Wednesday, 26 October 2011
Oh oh! A flashback already.....
In the previous post I mentioned something about an earlier trip to the Isles of S, undertaken with Mr Lethbridge and the young Mr Bradnum, in order to experience a thing called a "wader-fest", comprising many unfortunate American waders dumped on this side of the pond by that strictest of mistresses, Katia.
The main target was to have been a Solitary Sandpiper; a shoe-in, a dead cert, a gimme, a bird that everyone and his dog had seen... ... which we of course didn't. My role in all this; to fill the backseat, make the other two look brilliant (which they pretty much are), to chime in with the occasional witticism, and keep the costs down - all of which I can proudly say I managed in excess of my remit.
It was to be my first visit to these fabled islands of which I'd heard and read so much about, but nothing could prepare me for the quintessentially englishness of the place with its tiny fields and high hedgerows. Time appears to have stood still and the whole scene was that of some television drama series, a Sunday night long-runner my mum would like with everything just right and the main characters unbelievable nice. Things moving at a different pace and a different time, even the weather obeyed some rules at odds with that of the mainland just a score or so miles away.
Firstly we had to get across there and down to Cornwall, which meant an overnight drive and a short fitful sleep in the back of Jono's car and his snoring (sensibly Bradders, accustomed to such nights, brought a tent which he pitched with the help of the car's headlights) in the RSPB's Hayle Estuary reserve car park. On the way down the track we passed a police car waiting for fly tippers, vandals or some such. What he thought we were up to doesn't bare thinking about, which is probably why he didn't come down to check us out.
After no sleep we had some time to go to Drift Res. to bag the Semi P that had been showing well for some time. Strike one. No sign of the little critter, though the young Bradders picked up the Lesser Yellow-legs distantly, and we all got the Spotted Redshank as it came in. No time though for closer inspection as we hoofed it down to the quayside to book ourselves on to the Scillonian.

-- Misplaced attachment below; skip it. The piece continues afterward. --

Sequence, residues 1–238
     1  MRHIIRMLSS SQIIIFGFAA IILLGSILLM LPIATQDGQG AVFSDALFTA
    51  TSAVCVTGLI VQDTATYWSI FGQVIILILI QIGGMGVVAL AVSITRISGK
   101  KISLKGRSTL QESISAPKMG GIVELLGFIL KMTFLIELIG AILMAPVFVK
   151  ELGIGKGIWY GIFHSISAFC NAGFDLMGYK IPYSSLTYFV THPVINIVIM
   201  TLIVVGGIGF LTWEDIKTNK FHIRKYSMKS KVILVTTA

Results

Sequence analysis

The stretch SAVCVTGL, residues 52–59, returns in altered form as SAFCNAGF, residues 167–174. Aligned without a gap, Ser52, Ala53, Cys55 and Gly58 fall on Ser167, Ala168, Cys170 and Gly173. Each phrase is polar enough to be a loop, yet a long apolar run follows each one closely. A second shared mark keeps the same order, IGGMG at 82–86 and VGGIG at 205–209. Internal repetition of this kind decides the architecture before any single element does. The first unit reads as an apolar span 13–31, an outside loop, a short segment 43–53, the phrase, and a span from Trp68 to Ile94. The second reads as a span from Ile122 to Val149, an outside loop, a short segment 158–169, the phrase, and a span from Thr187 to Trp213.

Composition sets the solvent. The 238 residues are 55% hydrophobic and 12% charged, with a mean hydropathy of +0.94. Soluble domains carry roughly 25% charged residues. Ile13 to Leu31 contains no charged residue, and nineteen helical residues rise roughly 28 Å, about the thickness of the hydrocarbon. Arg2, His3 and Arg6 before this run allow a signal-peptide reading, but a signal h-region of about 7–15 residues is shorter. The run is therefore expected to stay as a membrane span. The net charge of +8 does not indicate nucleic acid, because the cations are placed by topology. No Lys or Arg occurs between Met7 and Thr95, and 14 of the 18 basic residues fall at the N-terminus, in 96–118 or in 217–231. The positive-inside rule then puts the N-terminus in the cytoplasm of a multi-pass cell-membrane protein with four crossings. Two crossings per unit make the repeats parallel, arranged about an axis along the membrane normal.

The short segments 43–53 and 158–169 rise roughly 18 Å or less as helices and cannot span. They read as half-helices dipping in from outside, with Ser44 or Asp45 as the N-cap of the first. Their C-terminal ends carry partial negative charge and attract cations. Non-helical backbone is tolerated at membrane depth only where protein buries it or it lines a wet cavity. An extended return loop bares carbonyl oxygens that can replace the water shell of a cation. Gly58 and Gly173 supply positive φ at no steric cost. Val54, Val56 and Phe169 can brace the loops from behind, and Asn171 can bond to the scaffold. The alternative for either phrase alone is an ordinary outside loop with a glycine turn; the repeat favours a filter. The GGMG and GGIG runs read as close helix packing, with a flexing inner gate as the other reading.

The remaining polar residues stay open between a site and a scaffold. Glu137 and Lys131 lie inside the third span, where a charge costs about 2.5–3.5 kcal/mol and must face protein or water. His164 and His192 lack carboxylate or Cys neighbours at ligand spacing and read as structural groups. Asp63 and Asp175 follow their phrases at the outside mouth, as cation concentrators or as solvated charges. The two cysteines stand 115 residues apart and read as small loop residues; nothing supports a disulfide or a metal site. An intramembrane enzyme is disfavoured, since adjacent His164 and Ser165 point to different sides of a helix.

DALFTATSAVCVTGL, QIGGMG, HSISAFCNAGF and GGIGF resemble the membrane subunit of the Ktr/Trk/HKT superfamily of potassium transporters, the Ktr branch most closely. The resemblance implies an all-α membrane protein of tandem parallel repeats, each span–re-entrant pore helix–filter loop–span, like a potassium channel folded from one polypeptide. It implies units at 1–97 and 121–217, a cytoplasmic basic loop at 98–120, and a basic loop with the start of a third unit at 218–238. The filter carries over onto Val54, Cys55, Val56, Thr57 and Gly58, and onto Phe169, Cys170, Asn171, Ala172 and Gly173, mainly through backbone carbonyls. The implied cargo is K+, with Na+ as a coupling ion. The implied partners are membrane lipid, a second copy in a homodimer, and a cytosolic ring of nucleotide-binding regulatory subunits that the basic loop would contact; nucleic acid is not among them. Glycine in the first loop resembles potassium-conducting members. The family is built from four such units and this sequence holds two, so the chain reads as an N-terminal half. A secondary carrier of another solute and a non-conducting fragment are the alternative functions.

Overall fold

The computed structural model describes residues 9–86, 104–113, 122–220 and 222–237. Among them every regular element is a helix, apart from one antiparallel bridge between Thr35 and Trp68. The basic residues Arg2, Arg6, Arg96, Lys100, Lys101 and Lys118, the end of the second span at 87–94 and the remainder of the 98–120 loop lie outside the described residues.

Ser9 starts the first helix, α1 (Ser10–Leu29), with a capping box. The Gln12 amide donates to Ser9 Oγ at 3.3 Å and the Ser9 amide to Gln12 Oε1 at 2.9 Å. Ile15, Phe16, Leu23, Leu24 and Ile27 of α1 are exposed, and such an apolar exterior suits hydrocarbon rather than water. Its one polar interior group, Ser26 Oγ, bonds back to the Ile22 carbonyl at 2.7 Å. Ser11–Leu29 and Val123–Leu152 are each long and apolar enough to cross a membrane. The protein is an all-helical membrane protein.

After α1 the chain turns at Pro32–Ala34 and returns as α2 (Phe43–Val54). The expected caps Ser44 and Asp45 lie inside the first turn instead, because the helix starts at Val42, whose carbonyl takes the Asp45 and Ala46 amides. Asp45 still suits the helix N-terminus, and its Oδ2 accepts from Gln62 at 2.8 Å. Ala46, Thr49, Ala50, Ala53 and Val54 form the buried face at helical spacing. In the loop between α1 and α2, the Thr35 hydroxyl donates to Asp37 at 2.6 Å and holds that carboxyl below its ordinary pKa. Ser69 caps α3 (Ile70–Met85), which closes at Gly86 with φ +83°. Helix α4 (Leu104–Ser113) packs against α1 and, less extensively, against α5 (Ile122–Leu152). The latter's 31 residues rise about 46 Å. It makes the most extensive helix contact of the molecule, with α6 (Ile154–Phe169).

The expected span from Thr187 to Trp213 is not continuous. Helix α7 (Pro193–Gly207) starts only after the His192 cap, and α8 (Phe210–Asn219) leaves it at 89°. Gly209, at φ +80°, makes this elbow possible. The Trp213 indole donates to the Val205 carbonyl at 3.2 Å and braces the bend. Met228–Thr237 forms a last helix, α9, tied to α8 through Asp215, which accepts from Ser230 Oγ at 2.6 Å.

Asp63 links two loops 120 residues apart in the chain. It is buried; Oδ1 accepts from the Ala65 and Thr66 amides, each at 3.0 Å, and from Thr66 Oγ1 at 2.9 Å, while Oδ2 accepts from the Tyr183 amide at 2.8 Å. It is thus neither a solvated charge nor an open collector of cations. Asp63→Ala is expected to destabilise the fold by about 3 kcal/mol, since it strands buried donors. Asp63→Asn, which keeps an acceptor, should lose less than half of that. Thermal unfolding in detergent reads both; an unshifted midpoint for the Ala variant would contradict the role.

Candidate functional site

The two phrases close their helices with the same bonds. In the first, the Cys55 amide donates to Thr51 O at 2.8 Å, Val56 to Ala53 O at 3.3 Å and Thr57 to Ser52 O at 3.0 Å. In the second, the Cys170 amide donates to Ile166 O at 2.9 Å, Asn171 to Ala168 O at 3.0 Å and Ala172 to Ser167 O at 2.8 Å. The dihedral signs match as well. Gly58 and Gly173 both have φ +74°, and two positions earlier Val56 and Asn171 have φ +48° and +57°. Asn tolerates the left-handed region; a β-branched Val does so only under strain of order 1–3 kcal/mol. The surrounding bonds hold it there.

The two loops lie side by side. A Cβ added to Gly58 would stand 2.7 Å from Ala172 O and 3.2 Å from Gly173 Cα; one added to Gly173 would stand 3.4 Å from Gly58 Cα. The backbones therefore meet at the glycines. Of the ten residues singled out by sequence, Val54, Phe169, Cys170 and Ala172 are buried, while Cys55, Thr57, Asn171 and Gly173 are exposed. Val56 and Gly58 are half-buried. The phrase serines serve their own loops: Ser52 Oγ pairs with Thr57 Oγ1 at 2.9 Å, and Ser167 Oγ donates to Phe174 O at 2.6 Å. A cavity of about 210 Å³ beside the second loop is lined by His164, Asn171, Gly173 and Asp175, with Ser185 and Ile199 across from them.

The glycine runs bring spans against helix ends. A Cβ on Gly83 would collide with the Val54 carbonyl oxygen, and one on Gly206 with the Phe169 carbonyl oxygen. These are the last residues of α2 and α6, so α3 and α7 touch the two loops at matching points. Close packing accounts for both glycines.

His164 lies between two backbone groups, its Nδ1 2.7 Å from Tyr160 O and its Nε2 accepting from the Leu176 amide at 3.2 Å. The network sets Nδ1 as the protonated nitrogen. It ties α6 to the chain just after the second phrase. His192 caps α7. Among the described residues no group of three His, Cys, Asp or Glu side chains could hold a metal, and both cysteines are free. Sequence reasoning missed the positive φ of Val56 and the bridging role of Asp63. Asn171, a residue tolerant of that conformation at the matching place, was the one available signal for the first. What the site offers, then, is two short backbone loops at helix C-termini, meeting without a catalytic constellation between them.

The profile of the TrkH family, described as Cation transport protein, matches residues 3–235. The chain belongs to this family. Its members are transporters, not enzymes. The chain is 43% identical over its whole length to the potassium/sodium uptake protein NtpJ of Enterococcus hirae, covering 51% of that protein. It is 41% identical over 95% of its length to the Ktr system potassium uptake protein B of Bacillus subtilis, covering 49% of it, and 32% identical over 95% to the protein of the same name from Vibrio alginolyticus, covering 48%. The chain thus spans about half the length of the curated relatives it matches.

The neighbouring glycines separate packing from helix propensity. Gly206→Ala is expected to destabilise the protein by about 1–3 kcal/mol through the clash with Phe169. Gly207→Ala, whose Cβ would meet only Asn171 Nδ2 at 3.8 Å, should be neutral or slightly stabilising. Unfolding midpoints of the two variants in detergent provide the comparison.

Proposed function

While it was not blowing a hooley, it certainly was slightly choppy. The movement of the boat soon make taking its toll on the passengers inside judging by the increasing numbers of people staring intently into the paper bags provided by the Scillonian. Jono prepared earlier by taking some pills, Bradders waited for the buffet to open for a bacon sarny and I stared stoically into the distance.
News of a Northern Water Thrush on StMary's had come out the night before and, as expected, the boat was liberally scattered with hopeful birders, including one Gary Bagnall (he off the twitcher's documentary) and a few of his acolytes. As we passed Porthgwarra news reached of us a Black and White Warbler at Lower Moors, things as they say were humming!
By this time I was beginning to enjoy myself and while the lad Bradders turned slightly off colour at one point we all survived the crossing in the company of some good birds (Manxies, Sooty and Balearic Shearwater, Storm Petrel and a smattering of Bonxies) and the occasional dolphin or two coming in to ride the bow waves.
Due to some expert planning a taxi was there to meet us as we docked and within a few minutes we were staring at Newford Duck pond in vain for the Solitary Sand (attempt #1 and strike 2). Time up and our taxi waiting it was another short trip down to Lower Moors to hunt the B&WW. The magnitude of the task soon became apparent, though only a small island the bits of habitat are quite extensive. We made for the last reported sighting position and worked outwards looking for the bird's associated tit flocks. Plenty of tits, no humbug yank warbler.